source: manilatimes.net

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Together with the rest of the world, I strongly condemned the politically motivated November 23 abduction and killing of over 50 people, at least 25 of them journalists, in Maguindanao. It is a new low even for the Philippines. Not only its brutality, but the sheer senselessness of it as well qualify it for collective outrage and condemnation and the strongest call for the immediate apprehension, trial and punishment of those responsible.

The following journalists are the victims of savage killers:
1. Ian Sublang – Media/Gensan Newsprint
2. Lea Dalmacio – Media/Gensan Newsprint
3. Gina Dela Cruz – Media/Gensan Newsprint
4. Marites Cabunes – Media/Gensan Newsprint
5. Bart Maravilla – Media/Bombo Radyo
6. Jhoy Duhay – Media/Peoples Tonite
7. Henry Araneta – Media/DZRH Correspondent
8. Andy Teodoro – Media/Mindanao Inquirer
9. Neneng Montano – Media/Gensan Newsprint
10. Alejandro Bong Reblado – Media/UNTV
11. Victor Nuñez – Media/UNTV
12. Mac-mac Amola – Media/Gensan Newsprint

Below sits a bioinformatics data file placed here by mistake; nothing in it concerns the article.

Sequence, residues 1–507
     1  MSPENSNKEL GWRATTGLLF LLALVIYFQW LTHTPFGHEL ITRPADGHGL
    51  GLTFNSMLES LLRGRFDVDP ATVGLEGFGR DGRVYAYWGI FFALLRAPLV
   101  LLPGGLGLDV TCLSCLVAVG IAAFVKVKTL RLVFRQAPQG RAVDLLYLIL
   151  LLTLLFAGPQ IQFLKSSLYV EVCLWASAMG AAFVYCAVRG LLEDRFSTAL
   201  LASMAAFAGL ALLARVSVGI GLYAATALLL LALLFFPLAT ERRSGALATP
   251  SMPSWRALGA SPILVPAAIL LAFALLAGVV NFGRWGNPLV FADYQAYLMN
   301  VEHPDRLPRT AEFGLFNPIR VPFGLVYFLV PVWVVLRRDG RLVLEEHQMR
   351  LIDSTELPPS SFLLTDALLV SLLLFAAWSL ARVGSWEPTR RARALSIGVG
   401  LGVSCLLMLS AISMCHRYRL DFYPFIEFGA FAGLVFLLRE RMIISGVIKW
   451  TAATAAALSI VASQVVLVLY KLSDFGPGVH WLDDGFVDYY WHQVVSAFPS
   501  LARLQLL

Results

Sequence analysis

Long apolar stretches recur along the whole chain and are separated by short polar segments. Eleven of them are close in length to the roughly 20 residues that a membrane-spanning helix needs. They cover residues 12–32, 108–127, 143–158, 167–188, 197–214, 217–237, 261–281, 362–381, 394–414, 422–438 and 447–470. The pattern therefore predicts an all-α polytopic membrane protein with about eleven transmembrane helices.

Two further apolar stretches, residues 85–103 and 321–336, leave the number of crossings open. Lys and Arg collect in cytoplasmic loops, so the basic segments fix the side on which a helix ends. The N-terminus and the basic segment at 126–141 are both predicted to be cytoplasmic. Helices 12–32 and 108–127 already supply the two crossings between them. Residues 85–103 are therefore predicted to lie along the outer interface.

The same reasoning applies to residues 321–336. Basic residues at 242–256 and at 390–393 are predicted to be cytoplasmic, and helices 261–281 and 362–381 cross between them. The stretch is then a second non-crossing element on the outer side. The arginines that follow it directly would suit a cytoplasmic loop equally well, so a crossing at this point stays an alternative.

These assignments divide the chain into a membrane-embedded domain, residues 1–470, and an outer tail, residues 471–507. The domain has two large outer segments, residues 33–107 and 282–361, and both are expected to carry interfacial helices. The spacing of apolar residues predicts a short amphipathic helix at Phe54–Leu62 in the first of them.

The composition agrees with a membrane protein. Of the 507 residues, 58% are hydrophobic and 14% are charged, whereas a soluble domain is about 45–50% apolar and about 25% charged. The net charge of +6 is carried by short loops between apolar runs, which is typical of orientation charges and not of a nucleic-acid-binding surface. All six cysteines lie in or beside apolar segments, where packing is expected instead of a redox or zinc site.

13. Jimmy Cabello – Media/Midland Review
14. Councilor Razul Daud – Media/SK Newspaper
15. Joel Parcon – Media/Prontera News
16. Val Cachuela – Media/Prontera News
17. John Caniban – Media/
18. Art Baloya – Media/Punto Periodico
19. Noel Decena – Media/Punto Periodico
20. Rany Razon – Media/Punto Periodico
21. Bienvenido Jun Legarta – Media/Punto Periodico
22. Jovy Legarta – Media/Punto Periodico
23. Rey Merisco – Media/Punto Periodico
24. Boyet Dela Cerna – Media/Escalera News
25. Art Mascardo – Media/GSC
May They All Rest In Peace…

Read this post in the following languages (translations by GOOGLE):
Spanish, simplified Chinese,
Filipino, Arabic, French, Portuguese, Japanese and Hindi

I have posted in this blog my Filipino poem about what journalists are. Read it here

For more images from TIME/CNN, click these letters:
a, b, c, d, e, f, g, h, i, j, k, l, m, n, o, p, q